Contact: unicorn@againstcorruption.org


UNITED AGAINST CORRUPTION

Contact: unicorn@againstcorruption.org

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UNICORN works with trade unions around the world to combat bribery and corruption

trade unions

The Nigerian Labour Congress (NLC) organised an anti-corruption rally attended by an estimated 10,000 people, in response to revelations of corruption in the power sector.  

The Trade Union Congress of Tanzania (TUCTA) marked Labour Day by calling the government to fight grand corruption among its top officials.

The International Trade Union Confederation (ITUC) has called for urgent progress in implementing the United Nations Convention against Corruption (UNCAC).

  campaigns


United Nations Convention against Corruption (UNCAC): Join the Coalition of Civil Society Friends of UNCAC, a global Coalition committed to the implementation of UNCAC. Contact:

Gillian Dell: gdell@transparency.org;

Kirstine Drew: unicorn@againstcorruption.org

highlights

 

August 2010: On 10 August, a delegation from the International Transport Workers’ Federation (ITF) met with government officials in Mexico to discuss ITF concerns about human rights violations and health and safety in the country's offshore oil and gas sector. The visit followed an earlier ITF report, which reported that Mexico alongside Nigeria had the worst working conditions in the world due to corruption in the oil industry.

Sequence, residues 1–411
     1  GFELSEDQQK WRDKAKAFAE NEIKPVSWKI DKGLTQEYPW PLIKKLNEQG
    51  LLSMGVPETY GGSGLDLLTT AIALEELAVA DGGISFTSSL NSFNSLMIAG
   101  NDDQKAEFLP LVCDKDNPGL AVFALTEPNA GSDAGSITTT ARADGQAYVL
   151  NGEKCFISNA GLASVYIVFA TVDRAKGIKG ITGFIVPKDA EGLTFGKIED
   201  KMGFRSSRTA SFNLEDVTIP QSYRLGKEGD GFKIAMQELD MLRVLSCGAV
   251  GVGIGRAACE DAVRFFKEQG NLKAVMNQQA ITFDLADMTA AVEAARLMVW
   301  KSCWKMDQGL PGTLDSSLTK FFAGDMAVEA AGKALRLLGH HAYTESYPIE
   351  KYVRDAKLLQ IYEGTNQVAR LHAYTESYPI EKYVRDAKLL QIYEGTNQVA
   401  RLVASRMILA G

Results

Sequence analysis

February 2010: On the 12th February, lawyers acting on behalf of The Corner House and Campaign Against Arms Trade (CAAT) wrote to the UK's Serious Fraud Office (SFO) to signal their intention to request a judicial review of its settlement with BAE. Earlier, on the 5th February,  the SFO and the US Department of Justice both announced settlements with BAE Systems plc, which had agreed to pay 300 million pounds in penalties. 

 

January 2010: In 2009, enforcement actions under the Foreign Corrupt Practices Act (FCPA) in the US reached an all time high and saw the use of new enforcement theories, which extended the liability of US-based executives for the actions of  foreign subsidiaries and led to charges being brought against the recipients of the bribes - foreign public officials.